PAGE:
Appeals & Response Plans
- Chad: Measles Outbreak - May 2018
- Chad: Cholera Outbreak - Aug 2017
- Chad: Hepatitis E Outbreak - Sep 2016
- Nigeria: Polio Outbreak - Aug 2016
- Chad: Floods - Aug 2012
- West/Central Africa: Meningitis Outbreak - Jan 2012
- Sahel Crisis: 2011-2017
- Chad: Polio Outbreak - Jun 2011
- Chad: Cholera/Measles/Meningitis Outbreak - Mar 2011
- Chad: Cholera Outbreak - Aug 2010
Maps & Infographics
Most read reports
- Little Ripples programme has a big effect on young refugee children in Chad
- Chad: Food security and nutrition situation overview (September 2018)
- Chad: Humanitarian situation overview (September 2018)
- Chad: Goré and surrounding areas - Rapid woodfuel assessment 2017 baseline: Woodfuel supply/demand, multi-sectoral challenges and recommendations for a peaceful management of natural resources
- Tchad : Aperçu de la situation humanitaire (septembre 2018)
With the crisis entering its ninth year and showing no signs of abating despite recent efforts, 10.7 million people continue to be in urgent need of life-saving assistance across north-east Nigeria, far-north Cameroon, Western Chad and south-east Niger. Nearly 2.4 million people are displaced with fresh waves of violence and human rights abuses resulting in thousands arriving into congested sites on a weekly basis.
Eleven international organisations call for increased protection and support to civilians bearing the brunt of the conflict in the Lake Chad region.
On 3 and 4 September, ministers from the affected countries as well as Governors of the Lake Chad region, alongside donor countries, UN organisations, international and regional organisations, and civil society representatives will meet in Berlin, Germany, for a two-day high-level conference on the Lake Chad region, including parts of Nigeria, Chad, Cameroon and Niger.
THE WORLD’S BIGGEST INFECTIOUS KILLER
Writing in 1901, William Osler, one of the founders of modern medicine, described pneumonia as “the captain of the men of death”. He was writing about the USA, where the disease was a major killer of children – and a source of fear for their parents. Pneumonia remains a “captain of the men of death”. No infectious disease claims the lives of more children. Today, almost all of the victims are in low- and middle-income countries. The vast majority are poor.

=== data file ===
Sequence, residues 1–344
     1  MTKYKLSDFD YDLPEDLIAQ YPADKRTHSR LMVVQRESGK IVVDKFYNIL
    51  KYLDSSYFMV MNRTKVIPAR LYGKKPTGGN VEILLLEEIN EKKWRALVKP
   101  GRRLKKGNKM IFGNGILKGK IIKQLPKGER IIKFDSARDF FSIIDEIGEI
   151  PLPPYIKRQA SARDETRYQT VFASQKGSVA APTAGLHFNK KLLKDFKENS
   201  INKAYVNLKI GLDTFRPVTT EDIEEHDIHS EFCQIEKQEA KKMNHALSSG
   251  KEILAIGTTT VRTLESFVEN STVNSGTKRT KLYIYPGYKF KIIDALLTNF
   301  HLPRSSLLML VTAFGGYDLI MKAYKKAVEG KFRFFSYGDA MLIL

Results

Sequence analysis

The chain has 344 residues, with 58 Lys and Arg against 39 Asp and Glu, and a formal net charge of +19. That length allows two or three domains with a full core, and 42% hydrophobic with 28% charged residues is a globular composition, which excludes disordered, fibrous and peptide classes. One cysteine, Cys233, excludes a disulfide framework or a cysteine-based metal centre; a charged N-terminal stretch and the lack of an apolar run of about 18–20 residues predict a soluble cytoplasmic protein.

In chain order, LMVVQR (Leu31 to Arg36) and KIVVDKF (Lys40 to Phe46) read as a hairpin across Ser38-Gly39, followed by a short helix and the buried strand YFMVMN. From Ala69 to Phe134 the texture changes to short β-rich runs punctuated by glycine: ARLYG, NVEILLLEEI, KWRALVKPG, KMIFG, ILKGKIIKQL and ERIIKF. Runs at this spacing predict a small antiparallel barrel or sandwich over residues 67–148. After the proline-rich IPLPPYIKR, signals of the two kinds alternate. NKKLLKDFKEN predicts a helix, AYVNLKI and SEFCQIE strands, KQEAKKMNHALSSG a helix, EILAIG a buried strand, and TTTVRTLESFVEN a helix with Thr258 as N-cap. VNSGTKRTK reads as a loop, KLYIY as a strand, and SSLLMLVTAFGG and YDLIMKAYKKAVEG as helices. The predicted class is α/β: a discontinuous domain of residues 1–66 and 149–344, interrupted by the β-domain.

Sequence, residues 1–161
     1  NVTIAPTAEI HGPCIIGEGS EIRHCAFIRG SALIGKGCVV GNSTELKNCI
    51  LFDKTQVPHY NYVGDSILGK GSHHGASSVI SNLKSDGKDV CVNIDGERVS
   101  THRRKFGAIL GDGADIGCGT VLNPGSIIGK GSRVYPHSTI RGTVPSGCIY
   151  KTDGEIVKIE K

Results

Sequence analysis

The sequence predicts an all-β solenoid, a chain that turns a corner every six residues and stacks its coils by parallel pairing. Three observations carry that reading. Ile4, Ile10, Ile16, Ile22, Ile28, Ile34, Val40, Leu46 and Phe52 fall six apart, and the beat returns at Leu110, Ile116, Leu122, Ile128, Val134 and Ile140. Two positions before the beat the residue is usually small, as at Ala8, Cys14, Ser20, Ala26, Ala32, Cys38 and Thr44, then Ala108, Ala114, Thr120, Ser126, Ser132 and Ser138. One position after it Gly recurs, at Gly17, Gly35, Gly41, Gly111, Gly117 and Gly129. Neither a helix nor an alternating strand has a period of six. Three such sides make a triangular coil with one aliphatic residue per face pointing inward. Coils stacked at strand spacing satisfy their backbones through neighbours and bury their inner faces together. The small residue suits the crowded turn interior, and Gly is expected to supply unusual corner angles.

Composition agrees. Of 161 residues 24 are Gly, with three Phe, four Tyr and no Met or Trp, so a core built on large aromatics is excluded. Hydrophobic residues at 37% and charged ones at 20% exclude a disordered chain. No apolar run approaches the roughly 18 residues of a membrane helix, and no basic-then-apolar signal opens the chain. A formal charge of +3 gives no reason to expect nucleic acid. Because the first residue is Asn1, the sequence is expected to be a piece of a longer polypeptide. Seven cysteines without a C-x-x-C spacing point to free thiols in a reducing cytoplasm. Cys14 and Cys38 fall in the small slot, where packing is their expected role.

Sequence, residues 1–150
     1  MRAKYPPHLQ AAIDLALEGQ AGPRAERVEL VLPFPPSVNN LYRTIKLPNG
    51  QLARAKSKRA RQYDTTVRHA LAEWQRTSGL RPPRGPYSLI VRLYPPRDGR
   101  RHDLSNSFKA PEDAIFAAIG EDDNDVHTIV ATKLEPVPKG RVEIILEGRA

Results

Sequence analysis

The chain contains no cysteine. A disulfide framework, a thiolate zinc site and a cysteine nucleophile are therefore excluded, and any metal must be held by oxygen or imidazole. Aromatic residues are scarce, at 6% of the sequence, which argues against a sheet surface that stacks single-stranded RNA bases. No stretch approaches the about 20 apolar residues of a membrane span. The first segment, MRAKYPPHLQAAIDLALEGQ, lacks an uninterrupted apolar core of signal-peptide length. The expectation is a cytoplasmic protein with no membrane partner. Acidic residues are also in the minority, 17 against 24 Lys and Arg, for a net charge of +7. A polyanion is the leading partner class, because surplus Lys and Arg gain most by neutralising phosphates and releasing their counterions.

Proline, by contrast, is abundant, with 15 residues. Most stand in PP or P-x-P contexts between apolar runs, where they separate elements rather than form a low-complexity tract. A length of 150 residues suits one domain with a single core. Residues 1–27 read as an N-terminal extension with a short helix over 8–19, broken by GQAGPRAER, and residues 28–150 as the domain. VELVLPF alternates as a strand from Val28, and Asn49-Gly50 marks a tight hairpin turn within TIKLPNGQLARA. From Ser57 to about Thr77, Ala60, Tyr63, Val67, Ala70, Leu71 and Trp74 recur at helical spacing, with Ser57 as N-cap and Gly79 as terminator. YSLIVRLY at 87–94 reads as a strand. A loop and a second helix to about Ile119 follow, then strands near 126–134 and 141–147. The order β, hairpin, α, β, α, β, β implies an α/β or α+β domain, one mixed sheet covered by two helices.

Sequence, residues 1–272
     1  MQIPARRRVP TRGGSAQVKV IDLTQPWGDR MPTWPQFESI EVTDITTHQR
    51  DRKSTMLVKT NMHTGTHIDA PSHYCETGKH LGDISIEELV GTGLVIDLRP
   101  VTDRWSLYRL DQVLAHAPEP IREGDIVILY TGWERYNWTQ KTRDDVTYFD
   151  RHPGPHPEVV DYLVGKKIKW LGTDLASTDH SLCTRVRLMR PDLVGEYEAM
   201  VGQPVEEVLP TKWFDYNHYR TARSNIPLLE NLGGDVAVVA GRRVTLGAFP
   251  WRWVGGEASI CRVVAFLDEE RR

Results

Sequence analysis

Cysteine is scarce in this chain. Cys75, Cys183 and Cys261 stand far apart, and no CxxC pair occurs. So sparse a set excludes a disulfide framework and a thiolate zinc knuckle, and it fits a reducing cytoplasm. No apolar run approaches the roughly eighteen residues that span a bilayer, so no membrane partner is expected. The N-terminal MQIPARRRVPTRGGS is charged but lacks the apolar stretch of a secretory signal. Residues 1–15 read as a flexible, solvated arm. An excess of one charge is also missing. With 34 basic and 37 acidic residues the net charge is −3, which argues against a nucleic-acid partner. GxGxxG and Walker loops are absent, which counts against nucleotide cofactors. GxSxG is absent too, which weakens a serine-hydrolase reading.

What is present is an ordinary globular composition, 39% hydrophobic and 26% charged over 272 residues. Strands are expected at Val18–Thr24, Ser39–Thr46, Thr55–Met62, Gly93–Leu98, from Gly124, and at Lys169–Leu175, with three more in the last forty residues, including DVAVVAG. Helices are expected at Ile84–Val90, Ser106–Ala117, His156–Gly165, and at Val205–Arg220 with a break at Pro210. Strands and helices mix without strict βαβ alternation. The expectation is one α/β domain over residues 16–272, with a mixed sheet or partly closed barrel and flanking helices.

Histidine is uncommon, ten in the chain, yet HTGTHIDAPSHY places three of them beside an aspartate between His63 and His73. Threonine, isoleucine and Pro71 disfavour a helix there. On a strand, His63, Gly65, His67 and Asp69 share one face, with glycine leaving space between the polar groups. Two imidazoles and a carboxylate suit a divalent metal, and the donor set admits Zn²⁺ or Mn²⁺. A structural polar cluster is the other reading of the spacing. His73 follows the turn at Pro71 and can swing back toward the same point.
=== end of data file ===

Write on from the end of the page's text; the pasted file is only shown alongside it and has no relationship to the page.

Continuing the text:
Those are the words of Shadia*, an adolescent refugee girl living in Dadaab refugee camp in northern Kenya. She knows that she cannot survive and thrive without a good education. She knows it’s the ticket to a better future for her and her family – the chance to fulfil her dreams of becoming a doctor.
Around the world, there are too many refugee children who haven’t just lost their homes, they’re also losing their futures every single day.
More than half of all the refugee children in the world – 3.5 million children – aren’t in school.
Chad is a landlocked country in Central Africa bordered by Sudan to the east, the Central African Republic (CAR) to the south, Nigeria, Cameroon and Niger to the west. The country is hit by several humanitarian crises caused by conflicts in its neighboring countries.
EN DEUDA CON LA NIÑEZ
Al menos 700 millones de niños y niñas en el mundo —y probablemente cientos de millones más— han dejado de disfrutar de su niñez demasiado temprano. Esto se debe a una variedad de causas, como enfermedades, conflictos, la violencia extrema, el matrimonio infantil, el embarazo precoz, la malnutrición, la exclusión de la educación y el trabajo infantil.
DES ENFANCES VOLÉES
Au moins 700 millions d’enfants à travers le monde (et sans doute des centaines de millions d’autres) sortent de l’enfance trop tôt. Les principales raisons incluent les problèmes de santé, les conflits, la violence extrême, le mariage des enfants, les grossesses précoces, la malnutrition, la privation d’éducation et le travail des enfants.